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How would you define work/life balance, and if you are working remotely, how do you maintain a boundary between work and your own time?

12 Comments

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12 Comments
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when you can devote enough time for family or recreation you have WLB.

I don't. I'm here in the office on sunday, and its not my choice. would love to be home to cuddle my wife and 2 babies, but what can I do?

9 ( +9 / -0 )

Work-life balance means different things to different people. For example, I’m single (divorced) with no kids, so for me, work is the most important thing in my life right now. I guess I live to work, rather than work to live. But I make time for hobbies and meeting friends for dinner and so on. I love my job and am happy to even work on weekends, if necessary.

I can see how for people with families, it is different. If you have young children, it’s natural to want to spend more time with them. But once the kids are teenagers, they’d rather hang out with their friends anyway, so you may not be seeing them as much anymore. And if you have adult kids who are living away from you, that just leaves you and your spouse, so again, the work-life equation is different.

I think the coronavirus has readjusted the work-life balance for some people (those with young children) in a good way, but for others (like myself), it hasn’t changed anything at all. I’ve known some who haven’t been able to adjust and their relationship with their families has become strained. Specifically, one family I know was having great difficulties because both parents were forced to telework and their kids had to have online lessons. There weren’t enough rooms or computers in their apartment for everyone to have their space and be able to concentrate. The guy ended up spending most of the day with his laptop in a nearby café.

7 ( +8 / -1 )

Well said smartacus. I didn't like my office environment so I am very happy to work at home. However I do miss the coffee breaks and lunches with friends from other offices.

4 ( +4 / -0 )

Start by calling it LifeWorkBalance for starters.

Life, on balance, should be work x 2. Even if you absolutely adore your work, having even more fun outside work gives a multiplier effect to your whole self.

We are human beings after all, not human doings.

5 ( +6 / -1 )

Instead of actively trading time for money, set up systems and businesses than generate money passively while you sleep or do something else. That way you have a life:work ratio closer to 10:1 or even 100:1, instead of 1:2. That, for me, is proper balance. If you're spending most of your life working just to keep on living, are you even living?

But that's the problem with formal education and society in general, people are taught from a very young age that the only thing you can do is go to school, get good grades, go to college, then get a job and wage slave for the rest of your life for peanuts and hope for a promotion once in a decade. When you tell people they should look into running a business, they think you need massive amounts of initial investment, or rich parents, or "luck" to do it and it's not for the average Joe, which can't be further from the truth. There are plenty of business models you can start and run with very little (or literally zero) money.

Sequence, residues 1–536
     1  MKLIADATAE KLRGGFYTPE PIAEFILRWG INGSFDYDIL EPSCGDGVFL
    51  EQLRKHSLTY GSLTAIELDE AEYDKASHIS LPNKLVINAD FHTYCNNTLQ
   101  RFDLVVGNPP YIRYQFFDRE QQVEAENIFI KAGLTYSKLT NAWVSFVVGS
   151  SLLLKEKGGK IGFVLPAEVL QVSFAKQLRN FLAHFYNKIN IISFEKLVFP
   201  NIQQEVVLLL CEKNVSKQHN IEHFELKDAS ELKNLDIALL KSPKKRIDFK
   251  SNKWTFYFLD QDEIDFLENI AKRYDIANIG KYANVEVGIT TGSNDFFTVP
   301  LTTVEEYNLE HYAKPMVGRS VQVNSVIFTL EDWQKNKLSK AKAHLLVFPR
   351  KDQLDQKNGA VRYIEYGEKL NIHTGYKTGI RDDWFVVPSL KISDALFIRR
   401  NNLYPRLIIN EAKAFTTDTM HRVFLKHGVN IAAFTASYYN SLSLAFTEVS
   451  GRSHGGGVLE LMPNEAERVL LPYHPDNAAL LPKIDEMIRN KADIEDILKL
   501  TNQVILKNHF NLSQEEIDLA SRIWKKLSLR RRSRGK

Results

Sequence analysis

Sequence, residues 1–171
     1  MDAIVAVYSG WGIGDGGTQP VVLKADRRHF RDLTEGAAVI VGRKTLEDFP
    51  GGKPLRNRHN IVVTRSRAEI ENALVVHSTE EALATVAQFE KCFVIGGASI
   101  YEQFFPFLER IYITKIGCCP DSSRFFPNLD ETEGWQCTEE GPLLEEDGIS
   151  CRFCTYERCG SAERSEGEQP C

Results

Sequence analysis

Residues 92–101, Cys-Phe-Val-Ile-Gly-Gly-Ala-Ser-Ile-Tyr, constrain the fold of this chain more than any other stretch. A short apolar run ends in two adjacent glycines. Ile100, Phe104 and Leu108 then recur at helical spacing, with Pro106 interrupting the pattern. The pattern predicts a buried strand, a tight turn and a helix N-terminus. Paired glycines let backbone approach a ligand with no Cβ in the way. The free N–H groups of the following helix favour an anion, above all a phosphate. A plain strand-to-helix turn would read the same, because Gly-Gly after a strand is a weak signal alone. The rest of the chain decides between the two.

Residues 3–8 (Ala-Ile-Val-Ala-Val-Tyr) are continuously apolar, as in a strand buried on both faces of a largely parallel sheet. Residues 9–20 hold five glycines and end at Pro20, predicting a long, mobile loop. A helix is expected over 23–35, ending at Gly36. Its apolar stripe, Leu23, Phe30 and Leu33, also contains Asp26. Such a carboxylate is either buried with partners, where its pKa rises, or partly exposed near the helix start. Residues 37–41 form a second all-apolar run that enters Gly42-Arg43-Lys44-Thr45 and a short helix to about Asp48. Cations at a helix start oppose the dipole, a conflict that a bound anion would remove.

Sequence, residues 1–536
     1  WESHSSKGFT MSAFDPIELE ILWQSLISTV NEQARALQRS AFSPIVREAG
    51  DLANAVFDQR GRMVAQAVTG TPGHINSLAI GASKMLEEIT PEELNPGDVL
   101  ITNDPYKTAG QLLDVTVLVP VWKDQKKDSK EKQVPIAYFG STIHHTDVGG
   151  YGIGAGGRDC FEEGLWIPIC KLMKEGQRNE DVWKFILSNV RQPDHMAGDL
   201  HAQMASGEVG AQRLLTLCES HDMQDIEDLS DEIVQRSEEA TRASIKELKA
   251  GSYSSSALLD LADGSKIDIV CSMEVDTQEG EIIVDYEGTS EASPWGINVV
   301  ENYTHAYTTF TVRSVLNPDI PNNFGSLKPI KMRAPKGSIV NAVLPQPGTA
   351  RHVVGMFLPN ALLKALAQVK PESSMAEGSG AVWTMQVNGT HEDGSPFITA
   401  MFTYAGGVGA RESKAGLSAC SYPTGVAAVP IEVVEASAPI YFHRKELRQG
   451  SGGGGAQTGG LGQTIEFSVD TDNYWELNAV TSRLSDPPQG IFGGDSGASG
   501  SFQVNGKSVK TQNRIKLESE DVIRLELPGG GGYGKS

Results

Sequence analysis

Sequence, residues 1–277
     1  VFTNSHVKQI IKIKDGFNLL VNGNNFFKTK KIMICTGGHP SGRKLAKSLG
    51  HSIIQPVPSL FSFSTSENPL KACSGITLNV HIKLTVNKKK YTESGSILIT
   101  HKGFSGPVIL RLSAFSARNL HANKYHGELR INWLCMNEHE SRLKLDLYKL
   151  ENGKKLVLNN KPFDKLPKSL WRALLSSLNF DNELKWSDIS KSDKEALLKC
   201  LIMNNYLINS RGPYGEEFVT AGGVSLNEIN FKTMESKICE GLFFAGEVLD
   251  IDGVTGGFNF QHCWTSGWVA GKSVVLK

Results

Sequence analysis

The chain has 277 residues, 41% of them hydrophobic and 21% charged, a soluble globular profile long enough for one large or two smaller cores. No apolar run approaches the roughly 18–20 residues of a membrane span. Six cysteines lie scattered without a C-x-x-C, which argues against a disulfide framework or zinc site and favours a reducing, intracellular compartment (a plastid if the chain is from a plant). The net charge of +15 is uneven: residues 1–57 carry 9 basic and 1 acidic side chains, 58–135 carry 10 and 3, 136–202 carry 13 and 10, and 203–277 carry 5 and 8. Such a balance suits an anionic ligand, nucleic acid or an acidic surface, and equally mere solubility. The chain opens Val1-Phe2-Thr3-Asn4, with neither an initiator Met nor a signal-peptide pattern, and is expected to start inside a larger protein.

As long as you give away control of your time and income to someone else, your time is used and your income artificially limited by someone else.

-2 ( +0 / -2 )

My boundary between work and life is absolute. Once I finish the required legal working hours for the day, I log out from my work and block my coworkers from my phone and social media until I get back to the grind. The posters above me have said all that I wanted to say, but I'll add that my problem about working from home is that my employer seems to have the impression that they can work their employees for longer since they have nothing else to do since they're stuck at home, which is so not true.

0 ( +1 / -1 )

When my work hours are done, all notices and correspondence from work are turned off and ignored. Balance.

0 ( +2 / -2 )

Toshiro and Speed

What happens if there is an emergency at work and they need to contact you after hours? It could be a death of a colleague, someone you work with might have become seriously ill or had an accident, or there was a fire at your workplace or anything. Are you just going to make sure you can't be reached?

There are far better ways of achieving work-life balance than blocking emails from colleagues or clients after hours.

Whenever I read comments like that, it tells me that the writer either doesn't like his or her job, or doesn't like his or her colleagues, or both.

-2 ( +1 / -3 )

I tend to completely forget about work when I am done for the day. I ignore those emails that drop into my inbox on my phone late at night. They can wait.

2 ( +2 / -0 )

I am not the owner nor principle partner so when quiting time comes I too end all communication with my job. What happens after hours is not my responsibilty.

Same with clients.

Being a workaholic is not something to be proud of. That is NOT life/work balance.

0 ( +0 / -0 )

I do lots of different jobs so as not to be beholdened to any single boss-works great!

0 ( +0 / -0 )

For me is the point where you can get the most of both things. And it takes a lot of planning and organization to be able to separate them while teleworking.

In that aspect it is much harder than the usual system. A trip on the train marks the limit very easily.

0 ( +0 / -0 )

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